You wouldn't normally expect a director like Joel Schumacher to be premiering a film at the Sundance Film Festival, but as Schumacher himself points out, his career is full of smaller films that were made for little money and featured young, up-and-coming casts. Twelve looks to continue a Schumacher trend that began with films like St. Elmo's Fire, The Lost Boys and Flatliners when it screens in the Premieres section at Sundance next week.
Featuring a cast that includes Emma Roberts, Chace Crawford, 50 Cent, Zoe Kravitz, Rory Culkin and Kiefer Sutherland (who reunites with Schumacher for a fifth time, and the first since 2002's Phone Booth), Twelve (based on Nick McDonell's novel) is a gritty drama that follows a young drug dealer who finds his life slowly spiral out of control after his best friend is arrested for the murder of his cousin. Cinematical caught up with Schumacher ahead of the film's premiere to learn a little more about it.
Cinematical: Give us the "word on the street" description of your film.
Joel Schumacher: White Mike is a teenage dropout who sells drugs to the over-privileged, under-loved youth of New York's upper east side. A.K.A. -- beautiful guys, beautiful babes, fu*ked up lives.
Cinematical: You've worked with so many young, talented actors over the years, and now you're returning to that sort of trend with this film. Is that what drew you to the project?
Joel Schumacher: Well it's always fun to work with a young ensemble but it was really Nick McDonell's fantastic best-seller, TWELVE, that made me want to make the movie.
Cinematical: As someone who's worked on a lot of big films throughout their career, is it nice to get in there and grind it out at a film festival? What do you enjoy most about this particular process versus the big Hollywood premieres?
Joel Schumacher: I think people don't realize that D.C. Cab, St. Elmo's Fire, Lost Boys, Phone Booth, Tigerland, Veronica Guerin, etc, etc were made on meager and low budgets. I think if you make a string of Blockbusters, which I was lucky to enough to do, you're considered a "big Hollywood director." But success at the box office does not always mean they were big Hollywood movies.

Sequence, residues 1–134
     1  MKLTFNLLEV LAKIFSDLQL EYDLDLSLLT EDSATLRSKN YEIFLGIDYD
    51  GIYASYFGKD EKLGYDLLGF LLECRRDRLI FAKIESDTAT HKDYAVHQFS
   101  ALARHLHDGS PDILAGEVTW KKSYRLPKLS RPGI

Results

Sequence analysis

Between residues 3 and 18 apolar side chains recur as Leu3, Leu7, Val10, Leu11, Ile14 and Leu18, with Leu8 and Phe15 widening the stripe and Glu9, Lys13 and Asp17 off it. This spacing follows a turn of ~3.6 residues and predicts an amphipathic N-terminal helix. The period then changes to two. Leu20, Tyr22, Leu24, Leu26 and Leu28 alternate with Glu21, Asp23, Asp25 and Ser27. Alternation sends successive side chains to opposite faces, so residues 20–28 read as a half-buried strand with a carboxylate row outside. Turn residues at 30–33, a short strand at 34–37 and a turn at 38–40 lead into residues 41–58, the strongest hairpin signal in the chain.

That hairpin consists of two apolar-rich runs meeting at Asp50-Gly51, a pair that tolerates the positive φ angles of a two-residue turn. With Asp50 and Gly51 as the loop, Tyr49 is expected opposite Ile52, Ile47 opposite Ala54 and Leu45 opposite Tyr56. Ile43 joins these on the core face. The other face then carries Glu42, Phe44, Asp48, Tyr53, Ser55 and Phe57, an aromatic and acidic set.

From the official Sundance synopsis:
Based on the critically acclaimed novel by Nick McDonell, written when he was only 17 years old, Twelve is a chilling chronicle of privileged urban adolescence on the Upper East Side of Manhattan. Set over spring break, the story follows White Mike, a kid with unlimited potential, who has dropped out of his senior year of high school and sells marijuana to his rich, spoiled peers. When his cousin is brutally murdered in an east Harlem project, and his best friend is arrested for the crime, White Mike is hurled on a collision course with his own destiny.
Led by director Joel Schumacher, a talented ensemble cast perfectly captures the obvious pain of children teetering on the brink of adulthood. Schumacher counters their overindulged behavior with operatic staging and a literary voice-over. For every decade, there are moments when youth culture is frozen in "art," to be reveled in by the generation that lived it and observed by those that didn't. That is Twelve.
For screening and ticket info, see the film's official Sundance page.